Thursday 31 March 2011

Weaving A Musical Web

Music is a focal point for my world and I enjoy making connections between the music I hear and its place in the greater scheme of things. Connections are basic to living; no man is an island and so forth. It's when the component parts of a system are connected and working in harmony with oneanother that the best results occur, whether you are talking about a team, a family, an organisation, a machine,  or an orchestra. You could even view the orchestra as a metaphor for any other type of system. Any one part working in isolation affects the whole adversely but if all the individual musicians and the different sections are connected and are communicating with one another, then all is well.  It's a complex feedback system like any other and can be analysed as such.

Saturday 26 March 2011

A Week Just Went By

I nobly try to get an hour minimum violin practice in every evening (except Saturdays, which are for listening and boozing).  Even if I'm tired after a day's work I can generally do this instead of flopping in front of the TV.  V. tired on Tuesday evening this week so was exceptionally surprised to find that my bowing technique had taken flight and improved by a significant leap, intonation for double stops, too. What's going on? "Learning" is an alchemical process of getting what you need to know not just into your brain but into your body and fingers as well. That leap from brain to body happens of its own accord. You can encourage it, but the end result seems to happen in its own time. That suggests to me that the learning continues unconsciously while conscious physical practice is only one element of the process.

Wednesday 23 March 2011


I recently added a review of George Crumb's "Voices From A Forgotten World" to the Newent Orchestra's website. I really didn't think I was going to like this music as it's based on old North American folk tunes. I have bad memories of  "Bringing In the Sheaves" and patriotic marching songs from early music-lesson school days. Those songs were the antithesis of everything that was new, young and controversial then in the music culture I grew up in. However, they are here presented along with percussion accompaniment that gives them an otherworldly flavour, echoes rather than statements. That was OK, surreal even. I've listened to a fair amount of George Crumb's music since being hooked by "Black Angels", his ode to the Vietnam War. There is a particular title in that called "Night of the Electric Insects" which is a piece of voodoo.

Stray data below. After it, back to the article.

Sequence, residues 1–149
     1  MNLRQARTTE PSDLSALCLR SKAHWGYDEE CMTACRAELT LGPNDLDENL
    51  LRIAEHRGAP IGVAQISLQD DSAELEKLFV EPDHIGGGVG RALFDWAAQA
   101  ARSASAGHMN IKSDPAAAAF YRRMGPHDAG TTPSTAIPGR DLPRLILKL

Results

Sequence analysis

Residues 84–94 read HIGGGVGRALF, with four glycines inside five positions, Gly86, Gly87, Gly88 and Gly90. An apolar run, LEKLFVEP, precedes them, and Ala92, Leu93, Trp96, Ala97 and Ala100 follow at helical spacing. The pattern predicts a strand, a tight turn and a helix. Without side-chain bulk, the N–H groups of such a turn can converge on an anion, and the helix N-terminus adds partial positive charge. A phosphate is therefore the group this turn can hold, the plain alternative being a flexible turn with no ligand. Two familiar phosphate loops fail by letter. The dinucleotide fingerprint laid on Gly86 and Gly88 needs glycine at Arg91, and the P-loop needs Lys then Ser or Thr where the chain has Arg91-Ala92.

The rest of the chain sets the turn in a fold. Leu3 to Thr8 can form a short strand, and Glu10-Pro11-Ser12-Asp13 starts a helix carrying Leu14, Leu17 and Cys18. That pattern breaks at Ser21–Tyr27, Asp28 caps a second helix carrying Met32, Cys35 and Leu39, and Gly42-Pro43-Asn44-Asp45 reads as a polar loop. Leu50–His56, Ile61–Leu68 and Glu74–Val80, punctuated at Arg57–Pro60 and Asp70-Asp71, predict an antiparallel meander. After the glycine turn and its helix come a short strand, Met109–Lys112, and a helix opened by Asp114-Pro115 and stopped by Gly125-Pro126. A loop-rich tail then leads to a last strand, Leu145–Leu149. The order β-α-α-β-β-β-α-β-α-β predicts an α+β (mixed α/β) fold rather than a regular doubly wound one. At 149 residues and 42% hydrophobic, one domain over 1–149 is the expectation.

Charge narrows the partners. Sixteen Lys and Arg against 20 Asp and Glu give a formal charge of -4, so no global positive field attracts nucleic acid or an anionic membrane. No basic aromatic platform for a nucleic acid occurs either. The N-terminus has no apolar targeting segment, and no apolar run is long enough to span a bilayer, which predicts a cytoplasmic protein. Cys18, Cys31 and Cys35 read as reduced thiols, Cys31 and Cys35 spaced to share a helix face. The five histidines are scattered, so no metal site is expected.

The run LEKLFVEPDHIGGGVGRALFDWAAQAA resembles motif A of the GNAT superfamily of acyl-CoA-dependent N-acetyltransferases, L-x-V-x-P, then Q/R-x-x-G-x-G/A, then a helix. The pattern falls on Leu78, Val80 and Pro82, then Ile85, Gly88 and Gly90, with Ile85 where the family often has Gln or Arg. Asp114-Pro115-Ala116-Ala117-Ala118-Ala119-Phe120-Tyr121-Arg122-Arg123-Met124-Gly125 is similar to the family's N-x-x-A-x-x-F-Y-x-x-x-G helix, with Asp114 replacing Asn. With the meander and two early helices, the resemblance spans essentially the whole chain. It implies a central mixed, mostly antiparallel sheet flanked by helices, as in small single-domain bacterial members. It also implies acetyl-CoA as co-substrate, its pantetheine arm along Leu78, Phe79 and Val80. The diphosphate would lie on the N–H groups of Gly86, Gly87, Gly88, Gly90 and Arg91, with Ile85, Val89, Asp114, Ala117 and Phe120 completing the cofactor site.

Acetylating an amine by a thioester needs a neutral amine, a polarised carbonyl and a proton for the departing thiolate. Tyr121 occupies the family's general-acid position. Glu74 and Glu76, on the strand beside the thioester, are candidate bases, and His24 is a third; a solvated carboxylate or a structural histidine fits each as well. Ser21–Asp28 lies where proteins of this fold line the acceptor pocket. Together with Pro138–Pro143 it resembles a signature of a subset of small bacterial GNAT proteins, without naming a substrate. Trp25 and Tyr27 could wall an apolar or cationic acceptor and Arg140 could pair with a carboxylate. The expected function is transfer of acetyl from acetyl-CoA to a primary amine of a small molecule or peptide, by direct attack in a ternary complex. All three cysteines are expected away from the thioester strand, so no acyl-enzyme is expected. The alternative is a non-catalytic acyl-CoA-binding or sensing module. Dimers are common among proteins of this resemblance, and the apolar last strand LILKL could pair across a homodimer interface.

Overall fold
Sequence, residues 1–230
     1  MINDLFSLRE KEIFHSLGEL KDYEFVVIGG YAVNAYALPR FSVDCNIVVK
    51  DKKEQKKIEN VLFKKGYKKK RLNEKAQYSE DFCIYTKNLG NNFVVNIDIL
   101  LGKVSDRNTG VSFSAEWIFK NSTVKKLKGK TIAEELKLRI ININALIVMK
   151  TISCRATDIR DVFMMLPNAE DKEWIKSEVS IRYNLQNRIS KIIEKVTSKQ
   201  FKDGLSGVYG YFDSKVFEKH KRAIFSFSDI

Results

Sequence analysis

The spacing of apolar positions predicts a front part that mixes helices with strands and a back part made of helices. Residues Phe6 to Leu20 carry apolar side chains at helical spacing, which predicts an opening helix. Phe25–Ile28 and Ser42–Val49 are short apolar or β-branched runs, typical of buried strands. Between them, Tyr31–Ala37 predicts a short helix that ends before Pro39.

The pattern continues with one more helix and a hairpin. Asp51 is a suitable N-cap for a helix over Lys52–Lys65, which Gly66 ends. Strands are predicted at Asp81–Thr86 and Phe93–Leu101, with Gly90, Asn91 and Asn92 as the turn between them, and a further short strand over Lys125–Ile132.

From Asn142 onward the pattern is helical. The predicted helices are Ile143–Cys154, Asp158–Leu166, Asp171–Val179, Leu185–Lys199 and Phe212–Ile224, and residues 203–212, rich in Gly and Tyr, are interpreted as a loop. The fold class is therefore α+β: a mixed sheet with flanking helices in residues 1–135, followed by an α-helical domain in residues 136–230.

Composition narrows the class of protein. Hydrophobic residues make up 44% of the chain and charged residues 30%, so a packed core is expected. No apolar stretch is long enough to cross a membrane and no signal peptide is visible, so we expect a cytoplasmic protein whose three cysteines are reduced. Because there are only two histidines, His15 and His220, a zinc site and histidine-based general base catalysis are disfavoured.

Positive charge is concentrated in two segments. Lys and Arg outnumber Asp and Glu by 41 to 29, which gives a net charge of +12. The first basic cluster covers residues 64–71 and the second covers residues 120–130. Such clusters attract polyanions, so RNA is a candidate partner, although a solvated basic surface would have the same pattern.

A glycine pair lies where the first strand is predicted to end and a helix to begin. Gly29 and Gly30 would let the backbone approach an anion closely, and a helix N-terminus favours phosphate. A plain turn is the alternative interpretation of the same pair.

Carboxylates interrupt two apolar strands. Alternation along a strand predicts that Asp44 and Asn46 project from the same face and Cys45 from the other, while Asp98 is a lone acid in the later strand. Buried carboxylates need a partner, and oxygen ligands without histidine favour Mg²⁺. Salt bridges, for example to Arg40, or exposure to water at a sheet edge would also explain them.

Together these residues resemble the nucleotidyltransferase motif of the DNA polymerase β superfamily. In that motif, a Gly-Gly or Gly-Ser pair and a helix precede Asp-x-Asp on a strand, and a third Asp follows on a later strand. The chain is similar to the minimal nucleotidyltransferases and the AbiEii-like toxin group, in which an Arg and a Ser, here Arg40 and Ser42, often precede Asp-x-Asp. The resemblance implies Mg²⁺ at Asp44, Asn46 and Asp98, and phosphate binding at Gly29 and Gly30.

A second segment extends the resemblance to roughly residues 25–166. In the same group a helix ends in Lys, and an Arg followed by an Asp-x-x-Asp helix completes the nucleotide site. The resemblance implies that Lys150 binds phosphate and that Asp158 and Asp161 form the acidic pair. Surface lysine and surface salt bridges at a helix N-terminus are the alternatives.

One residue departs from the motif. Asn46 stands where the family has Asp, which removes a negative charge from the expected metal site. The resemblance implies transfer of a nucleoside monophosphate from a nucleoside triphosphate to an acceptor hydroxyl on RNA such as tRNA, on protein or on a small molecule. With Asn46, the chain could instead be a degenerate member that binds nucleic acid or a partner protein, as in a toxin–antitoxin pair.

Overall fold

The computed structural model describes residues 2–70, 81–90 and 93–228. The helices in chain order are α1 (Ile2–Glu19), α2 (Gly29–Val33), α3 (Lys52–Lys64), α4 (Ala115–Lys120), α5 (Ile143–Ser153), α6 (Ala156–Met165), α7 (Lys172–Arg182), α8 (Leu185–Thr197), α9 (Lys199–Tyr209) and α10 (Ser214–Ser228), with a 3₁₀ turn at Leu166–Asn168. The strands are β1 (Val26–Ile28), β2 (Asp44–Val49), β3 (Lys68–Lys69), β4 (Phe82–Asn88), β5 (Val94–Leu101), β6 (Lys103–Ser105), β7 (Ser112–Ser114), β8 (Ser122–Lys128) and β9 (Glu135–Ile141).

Tuesday 22 March 2011

Listen To This

These days, most of my reading is during some quality time travelling to and from work by bus. (Maybe the mobile library service could start taking paying passengers.) I've only read the introduction to Alex Ross's sequel to The Rest Is Noise but already I'm hooked. Makes me want to ponder on every sentence so I guess it's going to be a long and inspiring read. It's Ross's ability to talk about music as a whole while discussing particular genres, people and events that appeals. There is also, clearly, a feel here for rock and indie music as well as classical and contemporary which is a rarity and one that I'm searching for. There are online music samples to illustrate the text.  This weighty I-can-feel-a-Kindle-coming-on book is going to be an adventure.

Friday 11 March 2011

The Grim Reaper

In Greek mythology Kronos was the god of time and I remember a Marvel Comic character in the pantheon of Silver Surfer, Fantastic Four, Incredible Hulk, etc., a supervillain called The Grim Reaper, another name also, I believe, for the Devil and his Scythe. In Roman mythology, Kronos is renamed Saturn and, astrologically speaking, Saturn classically marked the boundaries of the known universe. Within his orbital boundary time rules - and devours - all. Beyond it were supernatural dimensions.

Now to last Saturday night, feet up on the sofa, glass of a really good wine in hand, opening the packet of a brand new CD by the Kronos Quartet.